During World War II when all the men are fighting the war, most of the jobs that were left vacant because of their absence were filled in by women. The owners of the baseball teams, not wanting baseball to be dormant indefinitely, decide to form teams with women. So scouts are sent all over the country to find women players. One of the scouts, passes through Oregon and finds a woman named Dottie Hinson, who is incredible. He approaches her and asks her to try out but she's not interested. However, her sister, Kit who wants to get out of Oregon, offers to go. But he agrees only if she can get her sister to go. When they try out, they're chosen and are on the same team. Jimmy Dugan, a former player, who's now a drunk, is the team manager. But he doesn't feel as if it's a real job so he drinks and is not exactly doing his job. So Dottie steps up. After a few months when it appears the girls are not garnering any attention, the league is facing closure till Dottie does something that ... Written by
The film portrays the league as initially unpopular and unprofitable, until demeaning gimmicks are used to attract male audiences. In reality, the league was popular and profitable from the start, largely because it played in towns in the upper Midwest that had no way of watching a live baseball game. Eventually, the league grew into a ten-team two-division league. The advent of televised baseball games in the early fifties, however, would lead to the demise in the popularity of the league. See more »
When all the girls must find their names on the list, we see Doris and Mae hugging each other because they both made the team. In the next shot, while Kit is pushing through the crowd to tell Dottie she had made it, she pushes by Doris who is still waiting to see the list. See more »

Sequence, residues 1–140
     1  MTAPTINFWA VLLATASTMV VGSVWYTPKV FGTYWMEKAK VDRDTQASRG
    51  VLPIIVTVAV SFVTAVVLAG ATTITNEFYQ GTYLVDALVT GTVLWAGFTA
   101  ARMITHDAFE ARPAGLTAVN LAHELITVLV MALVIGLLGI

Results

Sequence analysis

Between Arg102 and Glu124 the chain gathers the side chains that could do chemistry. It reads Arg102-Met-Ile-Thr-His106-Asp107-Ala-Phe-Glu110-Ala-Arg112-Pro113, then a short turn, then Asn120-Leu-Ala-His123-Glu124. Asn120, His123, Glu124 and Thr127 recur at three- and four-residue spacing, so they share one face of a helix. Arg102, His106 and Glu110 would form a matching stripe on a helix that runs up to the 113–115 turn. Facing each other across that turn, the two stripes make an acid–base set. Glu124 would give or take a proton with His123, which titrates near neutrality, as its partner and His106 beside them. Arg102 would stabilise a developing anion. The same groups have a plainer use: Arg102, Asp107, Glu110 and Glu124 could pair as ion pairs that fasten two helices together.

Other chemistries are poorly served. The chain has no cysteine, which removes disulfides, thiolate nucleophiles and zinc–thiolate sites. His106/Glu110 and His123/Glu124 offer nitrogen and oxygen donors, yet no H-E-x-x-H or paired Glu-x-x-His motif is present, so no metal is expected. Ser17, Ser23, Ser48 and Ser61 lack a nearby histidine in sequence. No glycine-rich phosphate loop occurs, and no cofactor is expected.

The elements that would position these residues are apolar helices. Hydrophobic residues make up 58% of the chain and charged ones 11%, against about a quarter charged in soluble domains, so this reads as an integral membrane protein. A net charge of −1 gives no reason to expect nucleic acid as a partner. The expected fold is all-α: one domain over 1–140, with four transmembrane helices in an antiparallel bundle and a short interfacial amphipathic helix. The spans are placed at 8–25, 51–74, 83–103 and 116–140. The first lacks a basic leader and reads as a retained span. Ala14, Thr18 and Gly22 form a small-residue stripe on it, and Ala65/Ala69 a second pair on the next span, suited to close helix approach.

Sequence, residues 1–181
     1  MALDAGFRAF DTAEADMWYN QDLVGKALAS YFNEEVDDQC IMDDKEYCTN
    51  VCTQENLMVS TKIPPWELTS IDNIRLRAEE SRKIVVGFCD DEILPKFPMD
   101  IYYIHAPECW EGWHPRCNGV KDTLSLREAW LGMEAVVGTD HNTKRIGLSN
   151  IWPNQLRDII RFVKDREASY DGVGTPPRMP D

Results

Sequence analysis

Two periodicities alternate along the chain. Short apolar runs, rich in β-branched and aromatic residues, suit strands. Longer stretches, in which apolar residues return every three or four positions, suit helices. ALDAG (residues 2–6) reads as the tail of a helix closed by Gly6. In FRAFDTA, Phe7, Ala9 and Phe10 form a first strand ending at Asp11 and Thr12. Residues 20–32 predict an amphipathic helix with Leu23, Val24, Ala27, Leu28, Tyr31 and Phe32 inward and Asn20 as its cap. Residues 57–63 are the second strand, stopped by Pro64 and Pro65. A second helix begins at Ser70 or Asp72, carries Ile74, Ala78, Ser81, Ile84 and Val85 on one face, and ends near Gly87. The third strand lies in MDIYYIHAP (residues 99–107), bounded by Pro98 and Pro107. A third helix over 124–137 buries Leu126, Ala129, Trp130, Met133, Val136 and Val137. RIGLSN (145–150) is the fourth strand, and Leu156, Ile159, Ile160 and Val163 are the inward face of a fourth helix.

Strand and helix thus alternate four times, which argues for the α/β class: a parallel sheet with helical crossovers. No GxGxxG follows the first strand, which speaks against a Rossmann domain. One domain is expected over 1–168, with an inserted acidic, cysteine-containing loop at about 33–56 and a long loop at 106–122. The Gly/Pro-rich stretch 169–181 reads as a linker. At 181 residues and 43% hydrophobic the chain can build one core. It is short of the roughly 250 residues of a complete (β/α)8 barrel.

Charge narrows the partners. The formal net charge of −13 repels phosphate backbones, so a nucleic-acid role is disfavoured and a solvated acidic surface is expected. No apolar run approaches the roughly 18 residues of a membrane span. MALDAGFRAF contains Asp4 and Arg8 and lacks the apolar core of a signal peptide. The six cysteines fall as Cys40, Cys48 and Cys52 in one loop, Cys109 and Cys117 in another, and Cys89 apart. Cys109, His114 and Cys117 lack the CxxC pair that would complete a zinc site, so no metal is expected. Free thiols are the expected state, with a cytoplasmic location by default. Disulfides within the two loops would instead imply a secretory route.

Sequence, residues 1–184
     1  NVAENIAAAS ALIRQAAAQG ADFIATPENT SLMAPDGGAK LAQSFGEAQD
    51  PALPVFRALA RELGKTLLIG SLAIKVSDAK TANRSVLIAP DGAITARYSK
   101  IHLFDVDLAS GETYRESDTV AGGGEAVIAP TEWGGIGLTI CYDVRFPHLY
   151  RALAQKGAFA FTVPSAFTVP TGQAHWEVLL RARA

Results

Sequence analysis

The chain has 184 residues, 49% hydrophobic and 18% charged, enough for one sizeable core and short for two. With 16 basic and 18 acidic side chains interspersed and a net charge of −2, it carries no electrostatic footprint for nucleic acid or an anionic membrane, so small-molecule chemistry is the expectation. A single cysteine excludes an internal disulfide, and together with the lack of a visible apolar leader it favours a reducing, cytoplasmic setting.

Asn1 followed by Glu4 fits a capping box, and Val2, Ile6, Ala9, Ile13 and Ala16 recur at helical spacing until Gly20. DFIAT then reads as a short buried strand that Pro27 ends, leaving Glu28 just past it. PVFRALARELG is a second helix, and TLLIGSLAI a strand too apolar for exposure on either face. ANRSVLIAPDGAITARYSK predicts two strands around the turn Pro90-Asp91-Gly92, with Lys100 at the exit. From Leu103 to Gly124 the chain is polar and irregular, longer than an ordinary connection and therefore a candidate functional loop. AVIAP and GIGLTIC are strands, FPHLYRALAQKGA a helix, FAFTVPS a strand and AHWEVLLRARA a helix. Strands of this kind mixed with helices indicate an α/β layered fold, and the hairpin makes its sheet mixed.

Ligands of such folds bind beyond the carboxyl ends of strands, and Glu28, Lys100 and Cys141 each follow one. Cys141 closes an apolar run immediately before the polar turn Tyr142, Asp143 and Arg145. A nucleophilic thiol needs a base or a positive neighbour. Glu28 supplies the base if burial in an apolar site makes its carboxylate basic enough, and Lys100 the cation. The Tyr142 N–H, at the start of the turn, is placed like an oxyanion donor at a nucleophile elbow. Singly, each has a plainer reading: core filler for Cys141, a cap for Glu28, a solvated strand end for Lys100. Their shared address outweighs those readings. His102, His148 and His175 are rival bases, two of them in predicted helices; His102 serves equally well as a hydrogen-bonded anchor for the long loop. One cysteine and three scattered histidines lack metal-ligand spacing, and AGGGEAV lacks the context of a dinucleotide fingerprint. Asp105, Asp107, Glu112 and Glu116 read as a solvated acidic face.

As the real-life players' scenes play out, the final lines are given to an umpire whose call of "strike" is questioned. He retorts, "This is *my* opinion! Yesterday that might have been a ball, tomorrow that might be a ball, but today it's a strike." See more »
The All American Girls Professional Baseball League Song
Written by "Pepper' Paire Davis' (as Lavone Pepper Paire Davis)
Arranged by Richard Marx (as Richard H. Marx)
Produced by Jerry Abbott
Performed by The Rockford Peaches See more »
I love this film! Seeing Geena Davis, Lori Petty, Rosie O'Donnell and Madonna in one film is fantastic. Having it directed by Penny Marshall makes it all the better. After I watched it, for some strange reason I felt I'd watched an extended episode of "Laverne & Shirley" but this is great for the comedy!
Tom Hanks was magnificent with all the comic touches that endear him to so many of us.
The older version of Dottie at the beginning and ending of the story is NOT Geena Davis made up to look older - neither are any of the other ladies! An excellent casting decision was made to have older actresses play these parts
Lynn Cartright was chosen to play Dottie (Geena Davis) in her late 60's
and she was a dead-ringer for Geena!
Watch for Tea Leoni (as Racine Belles 1st-base player), Eddie Mekka (Carmine on "Laverne & Shirley" - he dances with Madonna!) and David L. Lander (Squiggy from "L & S" - radio announcer.)
Brings a tear to my eye no matter how many times I watch it - right up there with FIELD OF DREAMS!
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